Another LGBT-relevant bill that has been reported out of the committee is the Charlie Morgan Act, which would ensure veterans in same-sex marriages have access to certain spousal benefits.
It’s unclear if this legislation is still necessary now that the Supreme Court has struck down the Defense of Marriage Act and the Obama administration has said it would no longer enforce Title 38, which had barred gay veterans from receiving these benefits. Jeff Frank, a spokesperson for the Senate Committee on Veterans Affairs Chair Bernie Sanders (I-Vt.), said he doesn’t have any predictions about the bill.
Also on the docket is the fiscal year 2014 financial services appropriations bill. That legislation contains a provision inserted by Sen. Jeanne Shaheen (D-N.H.) that would prohibit LGBT discrimination in the juror selection process for federal courts.
Reid’s office didn’t immediately respond to a request for comment on when — if it all — these pro-LGBT measures would come up for a Senate floor vote.
Many other bills related to the federal government’s recognition of same-sex unions are also pending even in the wake of the Supreme Court decision against DOMA, although none besides the Charlie Morgan Act have yet to be approved by committee.
The most prominent among them is the Respect for Marriage Act, which was introduced by Sen. Dianne Feinstein (D-Calif.) and would fully repeal DOMA. Advocates say that legislation to ensure married so gay couples can reap federal benefits of marriage that are still in question if they marry in one jurisdiction and move to a state that doesn’t recognize same-sex marriage. Among these benefits are Social Security benefits and veterans benefits.
A Senate Judiciary Committee aide, who spoke on condition of anonymity, said Sen. Patrick Leahy (D-Vt.) has plans for action on the legislation in committee this fall.
“Chairman Leahy is committed to a full repeal of the Defense of Marriage Act, which is why he is working with Sen. Feinstein on the Respect for Marriage Act,” the aide said. “We are in the process of pushing for quick implementation of the Windsor decision, and look forward to a Senate Judiciary Committee hearing on the bill later this fall. After the hearing, the Chairman will consider moving legislation through the committee.”
Other pending pro-LGBT legislation before the Senate that hasn’t seen committee action is the Housing Opportunities Made Equal (HOME) Act, which is sponsored by Sen. Sherrod Brown (D-Ohio) and would bar discrimination against LGBT people in housing programs. Another bill sponsored by Sen. Chuck Schumer (D-N.Y.) known as the Tax Parity for Health Plan Beneficiaries Act would ensure gay couples in civil unions won’t be taxed on employer-provided health benefits.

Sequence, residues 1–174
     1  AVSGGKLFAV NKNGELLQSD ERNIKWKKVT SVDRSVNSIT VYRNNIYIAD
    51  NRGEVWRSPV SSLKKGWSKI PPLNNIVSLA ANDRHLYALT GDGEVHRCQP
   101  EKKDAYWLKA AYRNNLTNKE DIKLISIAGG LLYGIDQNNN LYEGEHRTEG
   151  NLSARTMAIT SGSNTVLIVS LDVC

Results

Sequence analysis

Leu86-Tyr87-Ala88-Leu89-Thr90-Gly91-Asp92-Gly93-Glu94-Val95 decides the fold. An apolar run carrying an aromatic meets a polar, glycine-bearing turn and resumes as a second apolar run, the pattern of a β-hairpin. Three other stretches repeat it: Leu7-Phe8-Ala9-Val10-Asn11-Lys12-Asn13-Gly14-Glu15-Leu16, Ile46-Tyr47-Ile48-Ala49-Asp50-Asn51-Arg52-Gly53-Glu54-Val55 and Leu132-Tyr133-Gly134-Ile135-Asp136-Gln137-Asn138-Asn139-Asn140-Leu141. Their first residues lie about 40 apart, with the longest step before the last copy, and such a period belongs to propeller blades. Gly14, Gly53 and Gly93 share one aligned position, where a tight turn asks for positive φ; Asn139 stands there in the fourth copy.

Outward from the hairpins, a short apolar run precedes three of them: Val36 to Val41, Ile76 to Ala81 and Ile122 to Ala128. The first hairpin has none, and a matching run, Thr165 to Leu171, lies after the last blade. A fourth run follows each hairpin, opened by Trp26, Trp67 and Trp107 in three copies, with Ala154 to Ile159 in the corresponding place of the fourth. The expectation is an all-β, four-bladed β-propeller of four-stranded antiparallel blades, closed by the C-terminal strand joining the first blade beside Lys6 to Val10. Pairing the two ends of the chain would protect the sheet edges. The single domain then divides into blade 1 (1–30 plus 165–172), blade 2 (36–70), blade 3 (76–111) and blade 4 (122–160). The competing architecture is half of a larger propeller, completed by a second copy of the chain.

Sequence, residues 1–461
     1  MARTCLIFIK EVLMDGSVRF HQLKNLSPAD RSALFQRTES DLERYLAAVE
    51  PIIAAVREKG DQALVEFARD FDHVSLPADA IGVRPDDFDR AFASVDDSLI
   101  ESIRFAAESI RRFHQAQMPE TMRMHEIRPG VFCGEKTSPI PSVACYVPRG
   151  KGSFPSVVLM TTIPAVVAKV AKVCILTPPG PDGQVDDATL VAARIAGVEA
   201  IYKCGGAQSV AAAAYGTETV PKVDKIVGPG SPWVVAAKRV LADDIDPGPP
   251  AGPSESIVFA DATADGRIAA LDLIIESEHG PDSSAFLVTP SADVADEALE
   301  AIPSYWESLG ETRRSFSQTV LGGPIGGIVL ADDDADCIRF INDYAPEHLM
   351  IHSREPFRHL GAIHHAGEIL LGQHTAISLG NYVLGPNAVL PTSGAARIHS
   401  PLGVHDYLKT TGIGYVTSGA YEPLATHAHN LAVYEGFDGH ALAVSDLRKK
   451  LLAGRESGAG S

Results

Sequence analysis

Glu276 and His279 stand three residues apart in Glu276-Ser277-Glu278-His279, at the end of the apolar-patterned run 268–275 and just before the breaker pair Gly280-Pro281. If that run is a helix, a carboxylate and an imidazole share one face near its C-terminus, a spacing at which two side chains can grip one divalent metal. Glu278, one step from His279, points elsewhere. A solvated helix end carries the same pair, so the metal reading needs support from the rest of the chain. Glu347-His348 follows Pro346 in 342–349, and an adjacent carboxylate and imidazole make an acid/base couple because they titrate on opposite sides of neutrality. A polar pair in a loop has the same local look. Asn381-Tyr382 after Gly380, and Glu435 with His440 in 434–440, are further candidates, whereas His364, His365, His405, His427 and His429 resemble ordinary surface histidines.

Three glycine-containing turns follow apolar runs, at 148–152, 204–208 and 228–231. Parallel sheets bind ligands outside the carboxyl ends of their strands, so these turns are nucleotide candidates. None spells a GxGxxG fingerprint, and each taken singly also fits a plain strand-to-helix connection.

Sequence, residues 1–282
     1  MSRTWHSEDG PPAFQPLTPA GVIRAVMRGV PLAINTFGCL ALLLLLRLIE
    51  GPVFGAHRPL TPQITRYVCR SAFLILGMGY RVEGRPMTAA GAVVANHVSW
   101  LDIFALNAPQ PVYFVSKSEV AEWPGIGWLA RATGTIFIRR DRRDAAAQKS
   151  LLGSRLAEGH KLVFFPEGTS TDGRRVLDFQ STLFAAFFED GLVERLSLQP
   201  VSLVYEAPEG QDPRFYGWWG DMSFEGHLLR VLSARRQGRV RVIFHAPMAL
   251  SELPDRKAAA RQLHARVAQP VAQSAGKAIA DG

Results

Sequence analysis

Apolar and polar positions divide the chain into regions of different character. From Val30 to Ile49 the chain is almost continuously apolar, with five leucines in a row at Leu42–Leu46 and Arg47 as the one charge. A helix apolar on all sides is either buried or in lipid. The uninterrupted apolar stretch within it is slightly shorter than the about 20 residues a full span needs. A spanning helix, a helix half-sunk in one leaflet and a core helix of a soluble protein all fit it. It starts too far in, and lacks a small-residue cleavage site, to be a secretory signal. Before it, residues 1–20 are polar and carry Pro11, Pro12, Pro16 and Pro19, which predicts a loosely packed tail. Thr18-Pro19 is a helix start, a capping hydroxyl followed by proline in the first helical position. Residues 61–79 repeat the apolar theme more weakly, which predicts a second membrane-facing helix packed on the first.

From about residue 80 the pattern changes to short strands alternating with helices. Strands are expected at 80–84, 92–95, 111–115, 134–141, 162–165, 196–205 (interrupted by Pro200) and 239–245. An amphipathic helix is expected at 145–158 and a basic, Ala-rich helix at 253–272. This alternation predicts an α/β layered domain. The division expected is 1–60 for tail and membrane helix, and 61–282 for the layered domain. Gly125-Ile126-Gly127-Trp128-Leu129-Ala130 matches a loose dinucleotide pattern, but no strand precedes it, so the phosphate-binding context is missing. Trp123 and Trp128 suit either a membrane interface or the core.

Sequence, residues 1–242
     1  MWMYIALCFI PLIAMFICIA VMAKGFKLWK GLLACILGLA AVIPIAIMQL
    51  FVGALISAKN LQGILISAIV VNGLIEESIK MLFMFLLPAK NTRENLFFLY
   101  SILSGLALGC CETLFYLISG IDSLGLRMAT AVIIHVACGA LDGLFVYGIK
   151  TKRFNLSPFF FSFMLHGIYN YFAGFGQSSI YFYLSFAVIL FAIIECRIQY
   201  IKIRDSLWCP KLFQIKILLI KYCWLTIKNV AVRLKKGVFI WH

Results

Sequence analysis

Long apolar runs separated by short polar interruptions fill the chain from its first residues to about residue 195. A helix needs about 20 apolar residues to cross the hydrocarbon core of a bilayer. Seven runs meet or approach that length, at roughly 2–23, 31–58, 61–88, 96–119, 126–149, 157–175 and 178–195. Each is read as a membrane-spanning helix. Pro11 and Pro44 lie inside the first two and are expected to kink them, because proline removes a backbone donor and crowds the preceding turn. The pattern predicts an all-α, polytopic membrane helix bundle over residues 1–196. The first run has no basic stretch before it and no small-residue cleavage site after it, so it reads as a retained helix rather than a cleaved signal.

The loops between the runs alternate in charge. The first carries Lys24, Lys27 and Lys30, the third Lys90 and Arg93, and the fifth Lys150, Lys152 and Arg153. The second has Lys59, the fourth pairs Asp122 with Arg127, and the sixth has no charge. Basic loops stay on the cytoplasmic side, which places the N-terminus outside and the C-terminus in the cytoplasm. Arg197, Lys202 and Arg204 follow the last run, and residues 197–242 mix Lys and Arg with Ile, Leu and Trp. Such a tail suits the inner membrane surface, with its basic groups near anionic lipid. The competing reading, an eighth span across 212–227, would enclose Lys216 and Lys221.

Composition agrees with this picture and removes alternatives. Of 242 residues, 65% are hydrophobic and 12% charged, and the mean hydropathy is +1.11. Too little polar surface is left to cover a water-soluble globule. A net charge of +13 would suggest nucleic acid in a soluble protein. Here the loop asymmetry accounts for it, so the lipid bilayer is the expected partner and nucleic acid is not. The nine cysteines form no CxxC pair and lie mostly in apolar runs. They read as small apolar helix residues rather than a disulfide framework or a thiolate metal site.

Even if these bills pass the Senate, it remains to be seen whether they can muster enough support to pass in the Republican-controlled House. But it’s not unprecedented. Earlier this year, under significant pressure from women’s advocates and other groups, the House passed reauthorization of the Violence Against Women Act with protections for LGBT victims of domestic violence.
Bills in the House that currently lack Senate companions are the Social Security Equity Act, which would allow Social Security benefits to flow to gay couples; post-”Don’t Ask, Don’t Tell” legislation known as the Restore Honor to Service Members Act; and a bill to help LGBT homeless youth known as the Runaway & Homeless Youth Act. Another version of the Domestic Partnership Benefits & Obligations Act is expected to be introduced imminently by Rep. Mark Pocan (D-Wis.).
Rea Carey, executive director of the National Gay & Lesbian Task Force, said while issues like Syria may dominate the discussions among lawmakers in the coming weeks, she still expects them to advance legislation to help LGBT people and other social justice causes.
“While the situation in Syria is understandably front and center for Congress — especially as putting our brave service members, including LGBT service members, in harm’s way is being considered — members of Congress must also simultaneously focus on vitally important domestic issues as they return from recess,” Carey said. “These include job and economic security issues such as the urgent passage of the Employment Non-Discrimination Act and freedom and justice issues such as comprehensive and inclusive immigration reform.”